What is a Trust?
A trust is when one person is given property to hold for the benefit of another. Setting up a trust allows you to direct certain assets to specified beneficiaries and gives you peace of mind that your estate is organised according to your wishes.
There are different types of trust suitable for different situations, including:
• Liferent trusts
• Discretionary trusts
• Charitable trusts
Who is Involved in the Trust Process?
There are three main parties involved in the establishment of a trust:
• The settlor – this is the person who establishes the trust and decides which assets are to be held by the trust;
• The trustees – these are the people who hold the trust property for the benefit of the specified beneficiaries; and
• The beneficiaries – these are the people who will benefit from the assets held in the trust.
Why are Trusts Created?
Trusts are created for many different purposes. They are traditionally used to protect family assets to ensure that they pass down the generations at an appropriate age and to ensure that assets do not pass outside of the immediate family. More often than not, trusts are used as part of financial planning to protect family wealth.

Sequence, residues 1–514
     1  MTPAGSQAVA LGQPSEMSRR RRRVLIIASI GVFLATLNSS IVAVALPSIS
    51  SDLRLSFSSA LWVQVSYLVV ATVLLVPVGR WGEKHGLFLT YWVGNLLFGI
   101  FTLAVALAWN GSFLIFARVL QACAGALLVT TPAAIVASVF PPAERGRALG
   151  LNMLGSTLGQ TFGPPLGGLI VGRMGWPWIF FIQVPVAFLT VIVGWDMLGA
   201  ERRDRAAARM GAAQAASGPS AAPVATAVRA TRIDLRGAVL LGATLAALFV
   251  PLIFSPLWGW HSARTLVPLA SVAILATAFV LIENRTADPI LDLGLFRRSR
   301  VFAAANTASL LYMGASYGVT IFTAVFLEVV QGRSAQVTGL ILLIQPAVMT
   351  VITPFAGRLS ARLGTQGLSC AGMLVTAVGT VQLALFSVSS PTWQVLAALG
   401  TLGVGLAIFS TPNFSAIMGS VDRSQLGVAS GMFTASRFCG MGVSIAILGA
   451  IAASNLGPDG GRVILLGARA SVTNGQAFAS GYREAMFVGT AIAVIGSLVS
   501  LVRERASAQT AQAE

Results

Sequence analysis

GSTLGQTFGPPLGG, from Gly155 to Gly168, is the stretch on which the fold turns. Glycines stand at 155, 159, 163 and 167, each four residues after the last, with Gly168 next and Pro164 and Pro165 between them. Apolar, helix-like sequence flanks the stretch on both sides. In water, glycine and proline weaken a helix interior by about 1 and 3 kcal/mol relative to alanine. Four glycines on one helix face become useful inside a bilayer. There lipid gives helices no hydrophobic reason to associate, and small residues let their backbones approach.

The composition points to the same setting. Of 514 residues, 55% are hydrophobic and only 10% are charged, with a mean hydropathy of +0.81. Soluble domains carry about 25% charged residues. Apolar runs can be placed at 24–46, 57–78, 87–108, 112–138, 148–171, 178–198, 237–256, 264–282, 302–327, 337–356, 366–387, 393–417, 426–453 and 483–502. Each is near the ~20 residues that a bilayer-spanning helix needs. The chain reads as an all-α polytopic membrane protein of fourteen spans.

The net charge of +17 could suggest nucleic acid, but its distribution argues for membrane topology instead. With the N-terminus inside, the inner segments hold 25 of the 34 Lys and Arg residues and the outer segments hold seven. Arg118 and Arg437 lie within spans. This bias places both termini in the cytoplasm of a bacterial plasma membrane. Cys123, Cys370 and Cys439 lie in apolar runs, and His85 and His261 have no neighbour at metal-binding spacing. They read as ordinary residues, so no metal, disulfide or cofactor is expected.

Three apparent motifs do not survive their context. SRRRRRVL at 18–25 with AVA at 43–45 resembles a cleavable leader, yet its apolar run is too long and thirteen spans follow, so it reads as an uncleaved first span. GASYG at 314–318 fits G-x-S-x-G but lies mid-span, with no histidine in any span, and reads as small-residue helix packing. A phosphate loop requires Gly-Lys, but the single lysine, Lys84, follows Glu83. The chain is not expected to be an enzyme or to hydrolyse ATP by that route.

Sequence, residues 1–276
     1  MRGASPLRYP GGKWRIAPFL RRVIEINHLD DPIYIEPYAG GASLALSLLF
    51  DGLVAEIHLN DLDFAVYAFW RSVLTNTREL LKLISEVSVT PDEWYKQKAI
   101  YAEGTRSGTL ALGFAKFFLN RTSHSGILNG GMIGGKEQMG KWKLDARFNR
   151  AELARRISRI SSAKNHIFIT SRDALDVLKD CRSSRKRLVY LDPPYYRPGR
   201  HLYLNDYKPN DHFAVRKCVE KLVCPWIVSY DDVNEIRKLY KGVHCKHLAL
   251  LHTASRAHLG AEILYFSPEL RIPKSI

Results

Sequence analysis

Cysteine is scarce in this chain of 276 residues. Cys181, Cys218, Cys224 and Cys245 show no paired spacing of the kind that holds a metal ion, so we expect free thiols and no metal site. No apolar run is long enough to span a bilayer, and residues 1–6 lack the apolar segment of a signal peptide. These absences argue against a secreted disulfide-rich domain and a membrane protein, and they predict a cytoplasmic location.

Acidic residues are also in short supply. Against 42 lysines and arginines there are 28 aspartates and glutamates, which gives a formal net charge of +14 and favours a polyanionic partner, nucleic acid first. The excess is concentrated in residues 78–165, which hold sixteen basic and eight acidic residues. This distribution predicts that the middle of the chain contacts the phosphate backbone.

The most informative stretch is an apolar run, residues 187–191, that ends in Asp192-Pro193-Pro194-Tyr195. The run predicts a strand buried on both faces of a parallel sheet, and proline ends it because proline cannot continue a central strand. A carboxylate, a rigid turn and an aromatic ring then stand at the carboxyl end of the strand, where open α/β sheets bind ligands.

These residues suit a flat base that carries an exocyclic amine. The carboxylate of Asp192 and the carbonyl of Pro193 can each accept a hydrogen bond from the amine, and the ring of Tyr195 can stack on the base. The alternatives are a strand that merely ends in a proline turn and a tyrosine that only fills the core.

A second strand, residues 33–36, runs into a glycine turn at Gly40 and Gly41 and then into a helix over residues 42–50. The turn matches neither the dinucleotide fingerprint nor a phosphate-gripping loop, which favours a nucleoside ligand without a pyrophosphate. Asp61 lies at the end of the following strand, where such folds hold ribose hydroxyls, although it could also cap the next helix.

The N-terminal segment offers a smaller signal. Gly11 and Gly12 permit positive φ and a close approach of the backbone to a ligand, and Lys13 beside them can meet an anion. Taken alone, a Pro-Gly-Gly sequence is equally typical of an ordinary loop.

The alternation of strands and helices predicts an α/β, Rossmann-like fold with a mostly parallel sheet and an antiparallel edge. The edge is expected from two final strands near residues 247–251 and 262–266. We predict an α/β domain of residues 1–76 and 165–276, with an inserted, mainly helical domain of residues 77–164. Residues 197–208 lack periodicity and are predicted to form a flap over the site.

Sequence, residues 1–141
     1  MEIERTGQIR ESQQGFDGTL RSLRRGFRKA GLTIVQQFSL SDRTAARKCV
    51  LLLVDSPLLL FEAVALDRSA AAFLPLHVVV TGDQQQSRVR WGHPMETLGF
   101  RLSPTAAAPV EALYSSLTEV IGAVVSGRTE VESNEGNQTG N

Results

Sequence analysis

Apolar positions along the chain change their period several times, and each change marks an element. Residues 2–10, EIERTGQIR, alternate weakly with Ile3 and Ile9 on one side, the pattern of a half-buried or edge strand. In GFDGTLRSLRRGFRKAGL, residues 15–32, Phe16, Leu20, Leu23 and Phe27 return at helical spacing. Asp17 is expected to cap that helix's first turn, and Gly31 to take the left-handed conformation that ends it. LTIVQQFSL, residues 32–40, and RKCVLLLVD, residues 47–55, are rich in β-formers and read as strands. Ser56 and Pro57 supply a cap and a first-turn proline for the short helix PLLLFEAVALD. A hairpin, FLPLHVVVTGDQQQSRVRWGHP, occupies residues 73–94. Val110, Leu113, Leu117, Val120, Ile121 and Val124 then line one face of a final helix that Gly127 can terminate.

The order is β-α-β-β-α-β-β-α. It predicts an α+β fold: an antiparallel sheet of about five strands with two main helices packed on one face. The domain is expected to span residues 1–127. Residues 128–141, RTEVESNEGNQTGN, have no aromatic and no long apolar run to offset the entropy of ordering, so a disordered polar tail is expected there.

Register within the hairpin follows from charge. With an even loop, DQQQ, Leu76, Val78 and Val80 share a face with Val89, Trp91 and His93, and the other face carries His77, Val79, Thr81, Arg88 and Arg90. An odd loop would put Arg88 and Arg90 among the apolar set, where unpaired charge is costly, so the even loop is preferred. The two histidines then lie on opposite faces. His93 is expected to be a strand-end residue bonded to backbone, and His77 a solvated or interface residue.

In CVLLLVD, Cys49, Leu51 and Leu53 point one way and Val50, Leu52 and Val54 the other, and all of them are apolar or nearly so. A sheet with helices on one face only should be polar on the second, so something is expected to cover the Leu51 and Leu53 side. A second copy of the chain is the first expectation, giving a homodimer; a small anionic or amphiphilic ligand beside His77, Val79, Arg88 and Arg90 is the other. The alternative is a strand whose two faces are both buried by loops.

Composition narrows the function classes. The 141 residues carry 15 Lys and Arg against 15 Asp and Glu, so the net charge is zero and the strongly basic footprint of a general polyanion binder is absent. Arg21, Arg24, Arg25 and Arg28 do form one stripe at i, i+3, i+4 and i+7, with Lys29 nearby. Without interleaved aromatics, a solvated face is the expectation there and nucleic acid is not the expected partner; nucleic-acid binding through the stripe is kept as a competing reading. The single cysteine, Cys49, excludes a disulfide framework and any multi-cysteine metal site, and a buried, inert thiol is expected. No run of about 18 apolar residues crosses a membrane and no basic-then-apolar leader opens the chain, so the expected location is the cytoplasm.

Trusts can also be established for tax efficient purposes, to protect against division of assets on divorce and to protect assets for those who are disabled or vulnerable.
It is, however, important to bear in mind that there are certain charges applicable to trusts, particularly if assets held are over the Inheritance Tax threshold of £325,000. Dependent on the type of trust, there can be charges levied whenever money is paid out of the trust and, in some cases, on each 10-year anniversary of the trust.
If you would like to find out more about trusts and how they might be appropriate for your own personal circumstances, please contact a member of our Legal Team.